Sunday, July 12, 2020 | ePaper

Save the Sundarbans, it will protect us

  • Print
THE Sundarbans, now most neglected world's largest mangrove forest, again has protected the country from the mighty storm 'Bulbul'. Not only the Bangladesh, the Sundarbans this time has also saved neighbouring India's West Bengal from an obvious deadly disaster.  The forest, renowned for its selfless deeds from the prehistoric time, is now under threat as our government is mindlessly setting up coal-fired Rampal power plant in the fringe of it. The cyclone crossed Khulna and adjoining southwestern part of Bangladesh after lashing West Bengal coast near the Sundarbans on Sunday evening. But what is astonishing is that, the Bangladesh Department of Forest has no idea and data about the damages of the Sundarbans' flora and fauna. We must say, the authorities concern should assess the damage of the forest and take initiatives for the damage repairing in an urgent basis.
The cyclone 'Bulbul' killed about 20 people and caused sufferings to more than two million others. The cyclone hit the coastal belt with a tremendous speed of up to 120 kilometres (75 miles) per hour late on Saturday, forcing the closure of Ports and Airports in both countries. 'Bulbul' hit the Sundarbans coast, the forest which straddles Bangladesh and India, and is home to endangered species including Royal Bengal Tigers and Irrawaddy dolphins. No doubt, the mangroves shielded the coast from the storm's full impact.
We know the Sundarbans is also rich in biodiversity with close to 700 animal species and 340 plant species. Its trees act as the first line of defense against natural disasters such as cyclones and hurricanes. Building the coal-fired power plant and other industries adjacent to the Sundarbans will certainly threaten the mangrove's ecosystem and the livelihoods of thousands of people dependent on it. To keep running the Rampal power plant would require Bangladesh to import around 5 million tons of coal each year, transported by large cargo ships through the Sundarbans, which could spread huge quantities of fly ash, coal dust, Sulphur and other toxic materials into the forest including its water-bodies.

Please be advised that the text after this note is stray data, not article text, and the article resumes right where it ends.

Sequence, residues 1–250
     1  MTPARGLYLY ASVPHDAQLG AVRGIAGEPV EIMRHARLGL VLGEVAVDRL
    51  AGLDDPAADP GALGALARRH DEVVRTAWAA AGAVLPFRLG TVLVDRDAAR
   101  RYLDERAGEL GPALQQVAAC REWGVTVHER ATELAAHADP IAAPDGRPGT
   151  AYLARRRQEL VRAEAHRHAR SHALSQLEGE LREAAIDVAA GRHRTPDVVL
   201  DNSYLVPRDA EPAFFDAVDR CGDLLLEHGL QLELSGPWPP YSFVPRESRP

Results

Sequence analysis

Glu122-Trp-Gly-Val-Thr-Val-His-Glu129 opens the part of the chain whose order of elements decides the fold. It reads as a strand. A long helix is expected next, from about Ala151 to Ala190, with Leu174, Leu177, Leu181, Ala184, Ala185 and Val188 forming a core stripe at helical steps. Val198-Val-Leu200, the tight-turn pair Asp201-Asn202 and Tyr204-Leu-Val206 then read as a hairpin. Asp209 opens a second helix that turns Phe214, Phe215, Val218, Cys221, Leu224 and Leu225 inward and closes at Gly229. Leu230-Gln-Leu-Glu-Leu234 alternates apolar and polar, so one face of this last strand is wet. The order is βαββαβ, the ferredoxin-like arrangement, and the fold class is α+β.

The Sundarbans is still protecting the human settlements from the natural disasters. We must save it.


More News For this Category

Killing of Bangladeshis in border areas has increased

KILLING the Bangladeshi citizens in border has increased over the last six months for aggressive actions by The Indian  Border Security Force (BSF). Twenty five Bangladeshis were killed though no

When the ones highest in government don't regard law, don't blame DCs

A NATIONAL daily on Saturday reported that the Deputy Commissioners of nearly half of the country's 64 districts continue disregarding the government's directive to upload information on allocation and disbursement

Urban Poverty Economic Disparities & Settlements

Bangladesh is witnessing a rapid urbanization with more than a third of population now living in urban areas and continuing. Despite the population growth rate has come down to 1.2

Covid Impasse Over Life & Livelihood

Mowshumi Sharmin :In 2019, WHO confirmed five "Public Health Emergencies of International Concern." The number six declaration came on 30 January 2020, for the escalating COVID-19 outbreak. It is a

Readers’ Forum

Sexual Offence UnabatedIt is so scary that many innocent girls and women are falling victim to sexual violence amid the pandemic. Coronavirus is successful in limiting numerous things,

Appeal of help to Myanmar a rogue country is futile without international pressure

RIGHTS campaigners urged the International Community to ensure Myanmar pay appropriate reparations to the countries affected adversely by the Rohingya refugee exodus. A local think tank in collaboration with

Apparel buyers have to be generous for the sake of female garment workers

BANGLADESH has called upon the International Labour Organization (ILO) on Thursday to bring pressure on global buyers so that they do not cancel buying work orders particularly for apparels

Nature

Nature

Md. Shibbir Ahmed Tashfik :The history of the pandemic is not new; outbreaks appear to be exacerbated during prehistoric times. Many people have died in it. Scientists at the

Job Security

Job Security

Taslim Ahammad :Stress about job security and increasing job insecurity burden is a new direction for employees at work. Medium and large organisations around the world are now regularly

Money meant for tea garden workers looted

A SECTION of tea worker leaders in 19 tea gardens under Kulaura Upazila of Moulvibazar has allegedly pocketed lakhs of taka from several thousand unsuspecting poor tea workers. The leaders